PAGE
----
Laura Heybrook Garden Design Oxford

Here I am looking small and insignificant in front of one of Monet’s enormous canvases in their gallery in Paris.  The two close up photographs show his magician’s skill in painting at this scale and his complete mastery of colours.  And these were painted in great old age, not with him looking at the scene, but in a shed in the garden, so all from memory!

One could spend a whole life looking and becoming ever more thrilled and astonished at the breath taking genius and beauty.  I didn’t want to leave.

It all looks effortless and natural, both from a distance and close up.  Perhaps the way to enjoy the pictures most is to laugh and feel his joy of the scene which so inspired him.  His garden was such a vital treasure, and so very much in his later years.

What a story it is that failing eyesight so discouraging him from painting, it was his friend Clemenceau who persuaded him to keep going.  Monet said that he could barely see the colours.  Clemenceau told Monet that he would break off their friendship if he stopped painting.  Without this vital encouragement, we wouldn’t have these fabulous pictures.  Walking into the gallery and seeing them, they literally stop you in your tracks and take your breath away.  A coup de coeur!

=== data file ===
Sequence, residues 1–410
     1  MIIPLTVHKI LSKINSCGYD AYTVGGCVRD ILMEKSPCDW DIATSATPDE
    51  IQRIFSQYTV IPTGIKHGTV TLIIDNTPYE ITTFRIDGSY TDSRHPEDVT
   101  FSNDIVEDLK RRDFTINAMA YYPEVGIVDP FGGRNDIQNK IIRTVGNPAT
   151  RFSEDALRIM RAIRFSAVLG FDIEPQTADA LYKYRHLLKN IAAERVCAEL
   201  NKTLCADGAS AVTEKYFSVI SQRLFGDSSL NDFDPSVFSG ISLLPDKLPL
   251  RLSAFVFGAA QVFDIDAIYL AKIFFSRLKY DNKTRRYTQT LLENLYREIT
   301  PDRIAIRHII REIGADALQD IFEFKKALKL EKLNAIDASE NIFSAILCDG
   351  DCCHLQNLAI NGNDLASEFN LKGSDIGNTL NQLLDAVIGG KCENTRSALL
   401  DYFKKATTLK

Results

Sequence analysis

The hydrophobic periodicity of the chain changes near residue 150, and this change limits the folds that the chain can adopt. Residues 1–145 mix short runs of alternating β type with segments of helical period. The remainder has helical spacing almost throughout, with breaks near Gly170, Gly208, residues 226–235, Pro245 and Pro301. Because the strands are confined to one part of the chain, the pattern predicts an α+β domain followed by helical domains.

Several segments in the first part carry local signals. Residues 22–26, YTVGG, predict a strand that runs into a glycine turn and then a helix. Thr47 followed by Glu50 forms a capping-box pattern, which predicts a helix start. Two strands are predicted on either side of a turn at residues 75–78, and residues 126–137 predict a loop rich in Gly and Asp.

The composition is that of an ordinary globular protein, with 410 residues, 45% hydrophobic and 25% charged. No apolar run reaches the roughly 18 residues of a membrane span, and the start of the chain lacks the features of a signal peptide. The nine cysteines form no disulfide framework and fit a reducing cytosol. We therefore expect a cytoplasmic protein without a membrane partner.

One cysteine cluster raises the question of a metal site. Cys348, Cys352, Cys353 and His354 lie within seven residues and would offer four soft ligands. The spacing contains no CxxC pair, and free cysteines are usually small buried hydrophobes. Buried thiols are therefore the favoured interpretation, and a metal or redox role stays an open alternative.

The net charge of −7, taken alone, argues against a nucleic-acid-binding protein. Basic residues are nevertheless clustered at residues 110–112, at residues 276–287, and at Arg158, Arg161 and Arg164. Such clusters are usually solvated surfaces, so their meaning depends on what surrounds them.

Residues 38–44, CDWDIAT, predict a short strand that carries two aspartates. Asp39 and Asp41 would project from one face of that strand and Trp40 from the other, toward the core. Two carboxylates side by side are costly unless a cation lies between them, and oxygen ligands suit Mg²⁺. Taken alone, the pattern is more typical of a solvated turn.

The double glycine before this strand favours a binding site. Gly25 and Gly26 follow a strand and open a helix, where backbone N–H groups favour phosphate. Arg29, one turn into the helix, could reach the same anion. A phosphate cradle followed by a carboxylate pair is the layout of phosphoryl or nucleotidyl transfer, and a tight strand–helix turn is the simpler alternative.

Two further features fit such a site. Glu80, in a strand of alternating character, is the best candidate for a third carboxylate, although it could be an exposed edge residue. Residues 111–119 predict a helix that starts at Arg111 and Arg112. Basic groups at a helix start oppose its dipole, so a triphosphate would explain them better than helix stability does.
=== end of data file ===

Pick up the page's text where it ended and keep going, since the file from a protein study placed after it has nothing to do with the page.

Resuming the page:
Giverny is still there!  The pictures and the garden are a treasure of France.  These series of huge canvases were given to the nation by Monet the day after the Armistice, in November 1918, as a memorial to all those who had died in the war. 

On the day of Monet’s funeral in 1926, a black cloth was put over his coffin.  Clemenceau arriving late and seeing it, pulled it off in anger, ran to the kitchen in Giverny and took down a yellow curtain, and said “No black for Monet!  Black is not a colour!”

Let’s have a life with more colour!  Bright vibrant colours light up our lives!  Let’s plant our gardens to be a riot of outrageous colour, to bring us laughter and joy always! 

31 December 2022

Laura Heybrook Garden Design Oxford
Laura Heybrook Garden Design Oxford